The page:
Failure as an adult
is highly correlated
with fetal injury,
poor child nutrition,
and abuse.

Closely related to child wellbeing is prevention of child abuse. What is needed here are programs to identify abusive parents, intensive programs to teach them how to be good parents, and ways for the child to escape the situation when needed. Such programs are by necessity expensive and long term. But they save far more than they cost.

Next comes school.

We cannot expect equality in our schools unless every public school student in the country receives equivalent funding. Equivalent funding is not possible as long as we rely on property tax for school funding. The reason is simple: there is more property to tax in richer districts, whereas there is very little property to tax in poor districts. It is incumbent, then, that school funding be rearranged to remove this automatic inequality.

Every public school student
must receive equivalent funding.

We should not be distracted by those who want to privatize schools. Free public schools are a keystone achievement of modern democracy, and any move to weaken them will weaken the whole country. That also means that the trend among some school boards to water down the teaching of science for religious reasons must be defeated. This is especially so because state boards in large states could potentially require anti-science such as creationism in textbooks that are used across the country.

Nor are charter schools a good idea. They have not demonstrated superiority to public schools, and meantime have the potential to weaken the public system. Private schools are another matter entirely, and whoever wants to send their children to a private school should be free to do so. However, there should be no financial reward for doing so.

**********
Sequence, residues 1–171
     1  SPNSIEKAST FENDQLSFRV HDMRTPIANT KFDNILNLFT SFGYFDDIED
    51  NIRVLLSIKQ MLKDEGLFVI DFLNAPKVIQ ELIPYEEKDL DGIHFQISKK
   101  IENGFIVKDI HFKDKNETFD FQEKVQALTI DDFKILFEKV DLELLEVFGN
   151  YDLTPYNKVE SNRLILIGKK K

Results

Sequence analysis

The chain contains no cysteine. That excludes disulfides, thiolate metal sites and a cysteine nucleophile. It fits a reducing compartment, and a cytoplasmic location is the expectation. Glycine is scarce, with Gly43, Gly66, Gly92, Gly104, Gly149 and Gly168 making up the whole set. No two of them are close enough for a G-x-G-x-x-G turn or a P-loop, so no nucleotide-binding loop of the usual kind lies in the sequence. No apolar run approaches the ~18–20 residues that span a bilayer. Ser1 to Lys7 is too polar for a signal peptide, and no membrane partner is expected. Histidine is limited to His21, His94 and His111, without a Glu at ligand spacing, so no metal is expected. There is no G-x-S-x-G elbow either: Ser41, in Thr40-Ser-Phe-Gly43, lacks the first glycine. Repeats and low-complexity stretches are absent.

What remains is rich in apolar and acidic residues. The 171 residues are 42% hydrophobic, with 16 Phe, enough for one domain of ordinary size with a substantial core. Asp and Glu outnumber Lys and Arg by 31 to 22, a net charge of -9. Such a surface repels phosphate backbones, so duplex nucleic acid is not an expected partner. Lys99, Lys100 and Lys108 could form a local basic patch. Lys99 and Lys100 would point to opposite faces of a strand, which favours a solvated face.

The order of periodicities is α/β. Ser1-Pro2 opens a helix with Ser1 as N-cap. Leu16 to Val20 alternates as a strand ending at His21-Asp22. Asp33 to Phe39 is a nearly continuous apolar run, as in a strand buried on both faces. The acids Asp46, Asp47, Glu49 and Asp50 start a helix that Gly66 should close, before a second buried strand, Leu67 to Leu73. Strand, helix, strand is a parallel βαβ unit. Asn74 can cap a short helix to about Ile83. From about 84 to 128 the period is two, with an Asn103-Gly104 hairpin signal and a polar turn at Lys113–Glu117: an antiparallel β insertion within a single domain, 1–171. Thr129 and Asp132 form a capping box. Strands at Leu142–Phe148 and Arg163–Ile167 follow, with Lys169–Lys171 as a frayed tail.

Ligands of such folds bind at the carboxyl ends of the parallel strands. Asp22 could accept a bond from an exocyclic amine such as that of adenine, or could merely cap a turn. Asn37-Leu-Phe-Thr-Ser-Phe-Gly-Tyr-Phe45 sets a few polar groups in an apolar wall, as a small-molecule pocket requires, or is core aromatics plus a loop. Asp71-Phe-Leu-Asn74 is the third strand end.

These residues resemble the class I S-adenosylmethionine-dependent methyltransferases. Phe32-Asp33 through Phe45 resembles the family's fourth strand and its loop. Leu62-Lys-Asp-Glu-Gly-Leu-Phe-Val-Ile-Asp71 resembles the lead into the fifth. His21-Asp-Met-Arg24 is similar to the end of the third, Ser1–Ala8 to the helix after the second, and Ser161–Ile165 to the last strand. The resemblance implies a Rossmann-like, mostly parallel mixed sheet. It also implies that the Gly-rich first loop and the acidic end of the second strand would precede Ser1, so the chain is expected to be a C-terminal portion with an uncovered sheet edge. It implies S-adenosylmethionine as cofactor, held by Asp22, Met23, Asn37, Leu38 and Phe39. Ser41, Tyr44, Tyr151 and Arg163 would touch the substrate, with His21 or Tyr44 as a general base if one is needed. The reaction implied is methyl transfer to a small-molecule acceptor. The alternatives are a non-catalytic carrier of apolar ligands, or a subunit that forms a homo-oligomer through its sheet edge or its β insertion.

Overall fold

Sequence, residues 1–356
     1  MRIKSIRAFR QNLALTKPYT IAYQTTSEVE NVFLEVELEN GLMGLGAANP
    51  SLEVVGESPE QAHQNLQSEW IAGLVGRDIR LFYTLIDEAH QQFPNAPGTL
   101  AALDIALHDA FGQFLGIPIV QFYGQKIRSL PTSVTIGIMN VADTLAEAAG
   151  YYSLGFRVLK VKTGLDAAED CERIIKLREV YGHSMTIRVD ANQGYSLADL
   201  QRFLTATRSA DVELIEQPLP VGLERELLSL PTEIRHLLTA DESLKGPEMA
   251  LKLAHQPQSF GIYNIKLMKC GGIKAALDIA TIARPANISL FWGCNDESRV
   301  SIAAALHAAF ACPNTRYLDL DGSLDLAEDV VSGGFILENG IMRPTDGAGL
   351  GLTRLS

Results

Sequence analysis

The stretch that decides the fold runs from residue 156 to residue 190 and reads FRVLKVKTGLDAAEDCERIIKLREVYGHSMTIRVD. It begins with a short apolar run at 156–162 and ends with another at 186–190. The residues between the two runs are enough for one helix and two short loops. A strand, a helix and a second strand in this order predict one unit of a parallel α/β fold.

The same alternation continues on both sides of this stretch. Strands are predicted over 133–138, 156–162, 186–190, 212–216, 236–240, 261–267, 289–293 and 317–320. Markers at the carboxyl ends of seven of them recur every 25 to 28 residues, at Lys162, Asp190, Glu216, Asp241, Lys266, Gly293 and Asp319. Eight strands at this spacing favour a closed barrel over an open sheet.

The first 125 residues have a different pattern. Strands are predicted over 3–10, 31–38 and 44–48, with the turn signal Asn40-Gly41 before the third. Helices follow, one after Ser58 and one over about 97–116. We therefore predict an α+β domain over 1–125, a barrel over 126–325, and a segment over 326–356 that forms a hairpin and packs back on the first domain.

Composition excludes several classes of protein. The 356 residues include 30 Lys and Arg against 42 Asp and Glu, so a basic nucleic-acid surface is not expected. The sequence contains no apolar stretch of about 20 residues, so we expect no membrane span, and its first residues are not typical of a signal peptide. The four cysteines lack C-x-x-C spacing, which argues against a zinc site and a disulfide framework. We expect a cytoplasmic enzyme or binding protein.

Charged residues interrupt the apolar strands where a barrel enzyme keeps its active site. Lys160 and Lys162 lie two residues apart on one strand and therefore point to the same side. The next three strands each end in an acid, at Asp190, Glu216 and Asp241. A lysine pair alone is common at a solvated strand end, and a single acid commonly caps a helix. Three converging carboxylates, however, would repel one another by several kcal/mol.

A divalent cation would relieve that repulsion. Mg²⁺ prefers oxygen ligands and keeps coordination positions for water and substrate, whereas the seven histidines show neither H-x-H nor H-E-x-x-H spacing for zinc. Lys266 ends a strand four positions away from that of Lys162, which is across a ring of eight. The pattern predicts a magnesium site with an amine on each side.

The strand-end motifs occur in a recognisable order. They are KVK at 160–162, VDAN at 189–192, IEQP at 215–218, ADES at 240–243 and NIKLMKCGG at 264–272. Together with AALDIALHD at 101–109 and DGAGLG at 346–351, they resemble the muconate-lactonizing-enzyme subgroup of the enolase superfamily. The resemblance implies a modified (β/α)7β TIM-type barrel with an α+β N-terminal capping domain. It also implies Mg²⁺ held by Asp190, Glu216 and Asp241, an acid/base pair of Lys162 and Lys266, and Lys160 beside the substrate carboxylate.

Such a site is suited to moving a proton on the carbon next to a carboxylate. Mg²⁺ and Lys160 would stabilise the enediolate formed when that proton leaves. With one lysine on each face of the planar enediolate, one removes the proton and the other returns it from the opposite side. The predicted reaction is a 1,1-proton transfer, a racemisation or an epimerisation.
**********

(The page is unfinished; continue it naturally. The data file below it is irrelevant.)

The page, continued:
Free college education
should be a national priority.

Next comes free college. I have given my opinion about free college here. The upshot is that the rich US universities can all easily afford to subsidize every student’s entire college cost, including living costs. Beyond that, there are many that could presently underwrite a significant part of college costs.

The remainder will require restructuring of taxes and increased priority for educational funding. This varies from rather low costs for community colleges, to more significant changes for institutions such as state universities. The single thing to remember is that many of the most advanced nations in the world, even some poor ones, underwrite the entire cost of all college education. Germany has a brand new program for free college. The economic reward, the national benefit for all of them, is a well educated and highly trained work force, putting the country at it’s most competitive and its population at its most democratically intelligent. This is not true for the US now.

Next: Equitable distribution of national wealth.

We’re All Wrong About Race

The perception among many whites is that blacks cause their own problems, by being criminal, by failing to get education, by being druggies, by being absent parents, and so on.

The perception among many blacks is that the deck is so heavily stacked against them, with de facto housing discrimination, lack of job opportunities, and ongoing police violence, that continuing conflict and inequality are inevitable.

Both are right—a little bit—and both are wrong. Race relations are a two-way street and we are traveling away from each other. As a nation, as a society, we have allowed inequality, poverty, and lack of opportunity to persist for generations, and have not addressed the conditions forcefully enough. The problems don’t just persist, but in many cases worsen, and usually affect the poor, not just blacks.